Getting over-excited about this sort of thing is, of course, exactly what the perpetrators want. The kind of tragic busybody who takes the time to write a letter protesting a display of poinsettias as an affront to multicultural tolerance probably spends Christmas horribly alone and is just desperate for attention. The best thing to do is to ignore them (as so many public officials have done). Or else, you could wait until they fall asleep after a marathon Battlestar Galatica session and then cover their entire front lawn in a pattern of poinsettias that reads, “Merry Christmas.”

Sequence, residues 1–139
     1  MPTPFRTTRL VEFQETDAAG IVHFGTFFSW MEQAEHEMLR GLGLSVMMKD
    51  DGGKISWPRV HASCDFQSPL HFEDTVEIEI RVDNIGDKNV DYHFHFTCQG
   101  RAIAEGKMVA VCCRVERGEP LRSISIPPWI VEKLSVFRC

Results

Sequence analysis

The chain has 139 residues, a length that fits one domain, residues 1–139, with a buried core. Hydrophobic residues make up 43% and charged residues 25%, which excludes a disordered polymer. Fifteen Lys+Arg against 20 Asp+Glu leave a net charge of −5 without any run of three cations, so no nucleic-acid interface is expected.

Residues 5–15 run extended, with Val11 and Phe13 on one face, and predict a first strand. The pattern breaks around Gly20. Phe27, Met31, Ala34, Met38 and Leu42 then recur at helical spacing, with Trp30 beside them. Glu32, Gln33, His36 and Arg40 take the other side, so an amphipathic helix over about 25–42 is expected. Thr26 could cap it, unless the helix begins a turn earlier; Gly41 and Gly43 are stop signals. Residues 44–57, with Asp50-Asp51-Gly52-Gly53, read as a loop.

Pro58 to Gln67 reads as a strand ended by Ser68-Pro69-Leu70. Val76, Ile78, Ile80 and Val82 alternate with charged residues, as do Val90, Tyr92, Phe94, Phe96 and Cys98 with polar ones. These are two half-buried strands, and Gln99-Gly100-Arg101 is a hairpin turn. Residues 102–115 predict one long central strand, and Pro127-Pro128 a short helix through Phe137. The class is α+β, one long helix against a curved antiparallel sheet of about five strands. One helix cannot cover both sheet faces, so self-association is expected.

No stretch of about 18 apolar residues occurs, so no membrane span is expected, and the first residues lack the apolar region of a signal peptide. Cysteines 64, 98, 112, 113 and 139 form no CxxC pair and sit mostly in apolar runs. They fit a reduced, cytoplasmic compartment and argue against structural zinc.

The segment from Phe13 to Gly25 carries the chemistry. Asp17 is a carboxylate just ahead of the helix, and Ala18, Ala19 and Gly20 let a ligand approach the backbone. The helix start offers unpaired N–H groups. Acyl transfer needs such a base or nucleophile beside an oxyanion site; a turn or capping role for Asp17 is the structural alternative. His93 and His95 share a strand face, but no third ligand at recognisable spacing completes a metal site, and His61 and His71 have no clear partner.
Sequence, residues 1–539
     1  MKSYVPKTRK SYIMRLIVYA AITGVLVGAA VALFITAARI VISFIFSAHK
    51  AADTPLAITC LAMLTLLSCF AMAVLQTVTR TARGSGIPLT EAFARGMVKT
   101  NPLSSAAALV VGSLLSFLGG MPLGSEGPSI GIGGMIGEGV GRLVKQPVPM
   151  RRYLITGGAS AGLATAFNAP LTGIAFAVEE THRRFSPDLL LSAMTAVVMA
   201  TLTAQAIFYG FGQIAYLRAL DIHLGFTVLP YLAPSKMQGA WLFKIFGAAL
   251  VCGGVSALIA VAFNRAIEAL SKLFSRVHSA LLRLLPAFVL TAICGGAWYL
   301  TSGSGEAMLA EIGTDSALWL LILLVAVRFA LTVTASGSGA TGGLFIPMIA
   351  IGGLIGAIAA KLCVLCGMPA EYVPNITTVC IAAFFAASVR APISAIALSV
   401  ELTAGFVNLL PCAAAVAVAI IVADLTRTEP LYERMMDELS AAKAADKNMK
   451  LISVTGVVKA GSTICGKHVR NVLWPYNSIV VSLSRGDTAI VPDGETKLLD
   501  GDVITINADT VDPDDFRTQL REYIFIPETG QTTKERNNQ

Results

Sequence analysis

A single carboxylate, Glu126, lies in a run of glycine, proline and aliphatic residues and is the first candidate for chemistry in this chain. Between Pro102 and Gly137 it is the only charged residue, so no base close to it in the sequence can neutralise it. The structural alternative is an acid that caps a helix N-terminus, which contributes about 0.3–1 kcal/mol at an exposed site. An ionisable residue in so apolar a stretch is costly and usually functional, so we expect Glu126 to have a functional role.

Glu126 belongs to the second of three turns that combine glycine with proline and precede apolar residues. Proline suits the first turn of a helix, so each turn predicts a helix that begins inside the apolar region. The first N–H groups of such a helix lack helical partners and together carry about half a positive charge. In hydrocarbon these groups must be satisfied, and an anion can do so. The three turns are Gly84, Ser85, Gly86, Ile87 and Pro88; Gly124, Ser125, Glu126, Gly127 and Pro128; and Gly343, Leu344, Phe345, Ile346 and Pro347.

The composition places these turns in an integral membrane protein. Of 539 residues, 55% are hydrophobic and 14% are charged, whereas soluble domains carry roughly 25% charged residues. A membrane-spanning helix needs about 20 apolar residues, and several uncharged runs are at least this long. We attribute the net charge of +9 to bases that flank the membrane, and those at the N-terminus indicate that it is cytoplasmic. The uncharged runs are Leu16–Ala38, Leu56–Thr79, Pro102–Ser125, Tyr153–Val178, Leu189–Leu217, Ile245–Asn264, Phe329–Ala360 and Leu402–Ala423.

More worrying is the insidious conversion of the religious festival of Christmas into a purely cultural phenomenon. Christians on both sides of the Atlantic have noticed with dismay that the commercial aspects of the season have been elevated (I saw crackers on sale in September) while its spiritual dimension has been squeezed out of the public sphere. I’ve said it before and I’ll write it again: the Founding Fathers never intended for faith to be excluded from public or political life. America might lack England’s established church or continental Europe’s pervasive Catholicism, but it was founded by Christians along Christian principles with the express intention of building a more Christian commonwealth. It is, at risk of sounding pedantic, a Christian nation in all but its absence of national church.